ISP Review - Year In Review - 2002

ISP Review Looks Back @ 2002

Year In Review - 2002
By Mark 'Winter' Jackson : Jan 1st-2003 : Page 1 of 4

"Due to its ease of use, basic dialup services should continue to hold for a few more years"


Things are changing, the world is always a slightly different place to that which we knew the year before, yet every now and then a small revolution starts and continues until it engulfs everything in its path.

Not since the emergence of unmetered dialup access during the late 1999 boom has the UK seen so much ISP related activity in a single year. The emergence of cheaper broadband access and an insatiable growth in problem areas such as viruses and SPAM (junk e-mail) are undoubtedly two key contributors.

ISP Review has once again set out to explore and explain these changes in our yearly review of the UK Internet access market.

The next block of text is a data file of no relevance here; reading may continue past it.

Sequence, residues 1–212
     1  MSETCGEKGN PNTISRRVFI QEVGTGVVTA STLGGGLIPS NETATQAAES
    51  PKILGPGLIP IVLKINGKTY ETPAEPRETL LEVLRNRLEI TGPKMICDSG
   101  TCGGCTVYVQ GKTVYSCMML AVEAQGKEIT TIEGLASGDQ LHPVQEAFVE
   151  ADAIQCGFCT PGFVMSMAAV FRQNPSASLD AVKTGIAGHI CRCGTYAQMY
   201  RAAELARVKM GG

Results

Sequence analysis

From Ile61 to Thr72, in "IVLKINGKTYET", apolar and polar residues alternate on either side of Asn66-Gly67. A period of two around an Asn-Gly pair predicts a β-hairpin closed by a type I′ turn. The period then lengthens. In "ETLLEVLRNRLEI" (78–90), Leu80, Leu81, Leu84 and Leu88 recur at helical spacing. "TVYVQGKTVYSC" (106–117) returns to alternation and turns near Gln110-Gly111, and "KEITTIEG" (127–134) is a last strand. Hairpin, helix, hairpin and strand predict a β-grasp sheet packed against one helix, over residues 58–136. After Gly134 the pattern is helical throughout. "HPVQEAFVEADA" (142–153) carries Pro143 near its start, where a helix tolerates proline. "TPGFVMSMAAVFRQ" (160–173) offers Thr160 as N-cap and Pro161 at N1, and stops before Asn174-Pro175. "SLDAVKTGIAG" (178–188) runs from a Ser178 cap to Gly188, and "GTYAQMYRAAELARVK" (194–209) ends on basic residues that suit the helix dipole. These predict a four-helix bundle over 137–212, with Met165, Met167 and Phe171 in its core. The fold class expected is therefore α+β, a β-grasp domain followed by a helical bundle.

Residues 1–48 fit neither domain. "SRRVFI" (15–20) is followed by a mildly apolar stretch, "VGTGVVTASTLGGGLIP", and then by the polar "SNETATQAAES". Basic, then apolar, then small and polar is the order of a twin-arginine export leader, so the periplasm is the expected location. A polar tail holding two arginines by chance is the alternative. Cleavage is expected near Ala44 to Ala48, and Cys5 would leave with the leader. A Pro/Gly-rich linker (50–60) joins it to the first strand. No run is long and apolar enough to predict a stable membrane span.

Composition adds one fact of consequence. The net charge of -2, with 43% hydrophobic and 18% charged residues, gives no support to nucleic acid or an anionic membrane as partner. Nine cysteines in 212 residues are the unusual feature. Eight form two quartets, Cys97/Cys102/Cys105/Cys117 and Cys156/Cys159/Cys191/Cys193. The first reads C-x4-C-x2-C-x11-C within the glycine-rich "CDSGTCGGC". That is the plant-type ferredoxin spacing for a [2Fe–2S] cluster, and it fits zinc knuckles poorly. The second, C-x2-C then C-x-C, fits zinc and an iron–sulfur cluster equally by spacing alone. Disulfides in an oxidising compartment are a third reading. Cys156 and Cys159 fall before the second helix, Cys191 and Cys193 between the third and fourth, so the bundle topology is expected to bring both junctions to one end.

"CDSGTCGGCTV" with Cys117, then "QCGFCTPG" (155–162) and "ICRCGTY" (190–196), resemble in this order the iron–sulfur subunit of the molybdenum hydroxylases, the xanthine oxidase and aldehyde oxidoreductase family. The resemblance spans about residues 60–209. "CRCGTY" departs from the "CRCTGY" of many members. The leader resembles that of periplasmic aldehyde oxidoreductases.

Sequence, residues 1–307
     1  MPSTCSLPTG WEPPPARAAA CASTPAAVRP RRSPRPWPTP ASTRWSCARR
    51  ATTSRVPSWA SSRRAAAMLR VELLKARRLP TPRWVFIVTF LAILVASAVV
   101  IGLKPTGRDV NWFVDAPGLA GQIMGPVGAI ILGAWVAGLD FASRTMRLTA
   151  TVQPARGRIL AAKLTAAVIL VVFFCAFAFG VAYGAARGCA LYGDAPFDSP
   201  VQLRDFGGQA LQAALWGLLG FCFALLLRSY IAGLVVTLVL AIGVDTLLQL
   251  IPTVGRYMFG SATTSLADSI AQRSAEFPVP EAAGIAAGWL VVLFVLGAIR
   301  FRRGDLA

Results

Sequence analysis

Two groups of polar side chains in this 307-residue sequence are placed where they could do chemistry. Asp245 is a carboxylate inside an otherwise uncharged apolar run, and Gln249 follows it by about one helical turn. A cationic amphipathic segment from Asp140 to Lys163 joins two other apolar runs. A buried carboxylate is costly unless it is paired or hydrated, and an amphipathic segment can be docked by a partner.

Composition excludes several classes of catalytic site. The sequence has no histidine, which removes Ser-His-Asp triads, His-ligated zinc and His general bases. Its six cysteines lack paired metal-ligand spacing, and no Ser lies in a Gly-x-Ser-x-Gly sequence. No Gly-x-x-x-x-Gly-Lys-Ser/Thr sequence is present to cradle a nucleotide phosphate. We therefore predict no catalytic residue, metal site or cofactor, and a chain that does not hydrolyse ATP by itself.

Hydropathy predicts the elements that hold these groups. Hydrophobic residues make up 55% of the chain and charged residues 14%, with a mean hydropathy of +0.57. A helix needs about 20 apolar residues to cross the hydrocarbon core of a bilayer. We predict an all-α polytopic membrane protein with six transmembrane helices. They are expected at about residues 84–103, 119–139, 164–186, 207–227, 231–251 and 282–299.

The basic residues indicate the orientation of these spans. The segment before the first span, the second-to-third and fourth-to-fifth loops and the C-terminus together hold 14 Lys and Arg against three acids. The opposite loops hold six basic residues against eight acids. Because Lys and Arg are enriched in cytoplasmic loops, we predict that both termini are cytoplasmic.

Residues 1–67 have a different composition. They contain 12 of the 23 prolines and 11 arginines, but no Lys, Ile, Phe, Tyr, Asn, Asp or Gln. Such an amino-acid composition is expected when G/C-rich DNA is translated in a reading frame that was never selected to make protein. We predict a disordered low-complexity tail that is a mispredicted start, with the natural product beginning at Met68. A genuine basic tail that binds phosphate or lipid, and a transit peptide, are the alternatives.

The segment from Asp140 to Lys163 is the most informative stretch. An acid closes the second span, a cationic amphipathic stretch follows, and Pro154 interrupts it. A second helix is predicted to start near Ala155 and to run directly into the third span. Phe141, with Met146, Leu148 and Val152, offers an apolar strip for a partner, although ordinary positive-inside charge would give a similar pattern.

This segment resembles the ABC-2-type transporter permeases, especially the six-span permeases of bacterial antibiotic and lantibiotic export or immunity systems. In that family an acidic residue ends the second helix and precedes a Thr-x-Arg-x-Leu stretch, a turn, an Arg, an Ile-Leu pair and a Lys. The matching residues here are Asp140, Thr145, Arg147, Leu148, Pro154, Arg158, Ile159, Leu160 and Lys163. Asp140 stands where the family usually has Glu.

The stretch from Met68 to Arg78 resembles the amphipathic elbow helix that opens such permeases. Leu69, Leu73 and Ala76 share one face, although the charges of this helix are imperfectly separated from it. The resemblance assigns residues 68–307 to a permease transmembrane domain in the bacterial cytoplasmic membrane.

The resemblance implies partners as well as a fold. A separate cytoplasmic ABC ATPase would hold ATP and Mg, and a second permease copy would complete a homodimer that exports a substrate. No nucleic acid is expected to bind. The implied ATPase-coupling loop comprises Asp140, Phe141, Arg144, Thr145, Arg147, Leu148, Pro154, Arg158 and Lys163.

The Dialup Decline

It’s already plainly obvious that the number of new Internet connections has slowed down from the 2000/2001 boom. This can be largely attributed to the growing number of people choosing to migrate from dialup to faster broadband services, a trend that is set to continue.

Despite this, the simplicity of being able to easily plug a modem into your phone line and start surfing within a matter of moments remains unmatched. Due to its ease of use, basic dialup services should continue to hold for a few more years before being consumed by cheaper broadband technologies.

Overall 2002 has been a largely uneventful year for the technology; a small wholesale price decrease on unmetered ports by Oftel, complimented with some flexibility improvements for ISPs, has done little to shake things up.

On the bright side and many unmetered offering ISPs have finally become wiser to their economics and are no longer afraid to impose clear usage limits. This should be good for customers in three ways:

  • Users know what they’re getting.
  • The ISP should be less likely to suffer engage tones and slow speeds.
  • Such ISPs can no longer blame their customers for abuse when things go wrong, although sadly some still do.

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